Friday, September 26, 2008

A Juvenile Skull of the Primitive Ornithischian Dinosaur Heterodontosaurus Tucki from the 'Stormberg' of Southern Africa

Richard J. ButlerA, Laura B. PorroB, and David B. NormanB

A. Department of Palaeontology, The Natural History Museum, Cromwell Road, London, SW7 5BD, United Kingdom, E-mail:, B. Department of Earth Sciences, University of Cambridge, Downing Street, Cambridge, CB2 3EQ, United Kingdom, E-mail:, E-mail:

Heterodontosaurids are an enigmatic group of primitive ornithischian dinosaurs best known from the Early Jurassic of southern Africa. Because fossil material is rare and often poorly preserved, the taxonomy, systematics, and palaeobiology of this clade are controversial. Here we describe a new partial skull of a juvenile Heterodontosaurus tucki from the 'Stormberg' of South Africa. This skull provides new information on the cranial anatomy of this taxon as well as insights into cranial ontogeny, sexual dimorphism and tooth replacement in heterodontosaurids. Few ontogenetic changes in dental morphology occur in Heterodontosaurus, supporting previous suggestions that tooth characters are informative for species-level taxonomy in heterodontosaurids. Furthermore, the presence of well-developed caniniform teeth in the juvenile specimen does not support the hypothesis that these represent secondary sexual characteristics in heterodontosaurids. Computed tomography reveals that replacement teeth are absent in both juvenile and adult specimens of Heterodontosaurus; however, the difference in the absolute size of the teeth between the juvenile and adult specimens demonstrates that replacement must have occurred during ontogeny.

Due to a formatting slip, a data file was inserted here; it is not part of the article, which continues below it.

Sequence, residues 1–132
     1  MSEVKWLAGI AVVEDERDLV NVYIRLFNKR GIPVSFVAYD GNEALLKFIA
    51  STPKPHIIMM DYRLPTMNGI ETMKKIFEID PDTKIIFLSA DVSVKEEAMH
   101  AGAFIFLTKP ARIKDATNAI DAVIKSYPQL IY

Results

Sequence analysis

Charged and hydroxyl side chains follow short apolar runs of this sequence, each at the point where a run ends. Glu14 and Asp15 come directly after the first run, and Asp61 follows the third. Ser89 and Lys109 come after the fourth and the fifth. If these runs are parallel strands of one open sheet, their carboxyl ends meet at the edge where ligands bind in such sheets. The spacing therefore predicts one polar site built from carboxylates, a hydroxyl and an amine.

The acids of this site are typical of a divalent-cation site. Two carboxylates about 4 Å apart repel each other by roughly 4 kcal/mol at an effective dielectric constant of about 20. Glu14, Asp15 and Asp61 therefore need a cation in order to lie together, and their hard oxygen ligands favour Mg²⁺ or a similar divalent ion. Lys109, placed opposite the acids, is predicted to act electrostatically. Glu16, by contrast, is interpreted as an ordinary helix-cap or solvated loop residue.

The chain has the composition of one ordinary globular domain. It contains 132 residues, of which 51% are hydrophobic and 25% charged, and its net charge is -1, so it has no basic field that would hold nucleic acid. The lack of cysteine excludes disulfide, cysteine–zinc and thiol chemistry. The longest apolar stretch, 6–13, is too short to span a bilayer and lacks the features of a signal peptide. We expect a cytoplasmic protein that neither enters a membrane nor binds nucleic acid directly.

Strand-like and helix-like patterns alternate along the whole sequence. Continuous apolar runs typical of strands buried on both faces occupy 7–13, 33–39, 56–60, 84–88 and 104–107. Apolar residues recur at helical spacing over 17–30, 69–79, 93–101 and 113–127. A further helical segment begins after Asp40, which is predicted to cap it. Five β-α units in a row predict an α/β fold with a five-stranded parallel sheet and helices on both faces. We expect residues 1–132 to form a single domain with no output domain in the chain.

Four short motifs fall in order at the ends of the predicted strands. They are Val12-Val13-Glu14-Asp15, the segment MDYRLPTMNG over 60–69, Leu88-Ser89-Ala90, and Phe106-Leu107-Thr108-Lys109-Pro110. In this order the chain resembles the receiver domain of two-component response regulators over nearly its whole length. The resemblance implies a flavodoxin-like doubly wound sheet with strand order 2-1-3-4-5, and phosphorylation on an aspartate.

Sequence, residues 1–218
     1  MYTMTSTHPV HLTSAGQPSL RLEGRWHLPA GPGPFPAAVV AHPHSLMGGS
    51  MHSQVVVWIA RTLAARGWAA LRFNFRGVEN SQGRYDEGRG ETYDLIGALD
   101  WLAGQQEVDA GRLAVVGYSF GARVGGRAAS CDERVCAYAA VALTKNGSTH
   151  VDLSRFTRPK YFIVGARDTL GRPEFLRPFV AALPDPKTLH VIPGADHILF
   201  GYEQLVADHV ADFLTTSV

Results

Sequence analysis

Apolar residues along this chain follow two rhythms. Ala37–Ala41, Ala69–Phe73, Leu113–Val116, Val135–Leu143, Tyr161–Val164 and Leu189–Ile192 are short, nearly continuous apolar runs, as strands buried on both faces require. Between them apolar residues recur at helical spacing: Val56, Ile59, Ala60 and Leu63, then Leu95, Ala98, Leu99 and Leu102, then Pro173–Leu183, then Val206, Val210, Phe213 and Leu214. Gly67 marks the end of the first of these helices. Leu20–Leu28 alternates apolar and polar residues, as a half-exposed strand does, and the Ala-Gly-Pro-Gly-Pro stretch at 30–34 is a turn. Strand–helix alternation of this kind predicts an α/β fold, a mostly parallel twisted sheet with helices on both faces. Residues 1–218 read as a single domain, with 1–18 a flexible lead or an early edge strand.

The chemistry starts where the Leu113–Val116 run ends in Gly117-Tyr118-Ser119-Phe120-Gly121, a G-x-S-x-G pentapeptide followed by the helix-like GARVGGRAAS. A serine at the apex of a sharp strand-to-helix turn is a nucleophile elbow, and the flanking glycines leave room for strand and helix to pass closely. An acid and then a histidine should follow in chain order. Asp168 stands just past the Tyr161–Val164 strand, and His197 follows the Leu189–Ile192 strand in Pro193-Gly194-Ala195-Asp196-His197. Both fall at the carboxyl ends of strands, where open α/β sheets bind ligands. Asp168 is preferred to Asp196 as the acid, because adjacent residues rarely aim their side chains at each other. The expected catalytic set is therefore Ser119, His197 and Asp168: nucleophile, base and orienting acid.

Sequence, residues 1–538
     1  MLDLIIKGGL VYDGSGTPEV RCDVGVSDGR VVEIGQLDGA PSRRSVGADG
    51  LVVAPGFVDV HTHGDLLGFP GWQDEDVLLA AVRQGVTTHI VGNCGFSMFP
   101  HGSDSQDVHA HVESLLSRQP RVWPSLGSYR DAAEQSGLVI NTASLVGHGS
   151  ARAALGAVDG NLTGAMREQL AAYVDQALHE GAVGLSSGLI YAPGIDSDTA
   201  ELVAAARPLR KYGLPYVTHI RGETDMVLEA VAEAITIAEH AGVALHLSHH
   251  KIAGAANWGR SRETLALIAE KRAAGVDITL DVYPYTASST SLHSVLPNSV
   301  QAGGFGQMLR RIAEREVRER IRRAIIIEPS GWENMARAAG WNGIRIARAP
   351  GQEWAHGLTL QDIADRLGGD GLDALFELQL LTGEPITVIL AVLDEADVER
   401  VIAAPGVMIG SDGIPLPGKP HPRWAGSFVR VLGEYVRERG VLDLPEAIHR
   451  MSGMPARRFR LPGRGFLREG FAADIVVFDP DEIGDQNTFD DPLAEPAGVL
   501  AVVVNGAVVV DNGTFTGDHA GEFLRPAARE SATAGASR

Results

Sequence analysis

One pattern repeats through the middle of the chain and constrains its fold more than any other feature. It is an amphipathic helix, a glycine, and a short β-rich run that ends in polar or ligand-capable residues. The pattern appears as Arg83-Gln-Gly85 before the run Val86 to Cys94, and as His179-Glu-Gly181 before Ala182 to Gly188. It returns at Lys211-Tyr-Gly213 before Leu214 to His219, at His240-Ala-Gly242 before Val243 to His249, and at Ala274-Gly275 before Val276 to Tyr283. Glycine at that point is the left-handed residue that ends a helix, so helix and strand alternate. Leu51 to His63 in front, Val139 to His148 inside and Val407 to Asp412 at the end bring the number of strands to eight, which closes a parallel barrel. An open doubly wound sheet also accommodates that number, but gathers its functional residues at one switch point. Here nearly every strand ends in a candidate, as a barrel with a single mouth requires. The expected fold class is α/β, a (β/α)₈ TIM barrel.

Link above! Heterodontosaurs are one clade I find really fascinating simply because they seem so different than the other dinos.

1 comment:

Zachary Miller said...

They are quite strange. This new paper is interesting for several reasons, among them the idea that juveniles didn't look much different than adults, which weakens the link between heterodontosaurs and ceratopsids.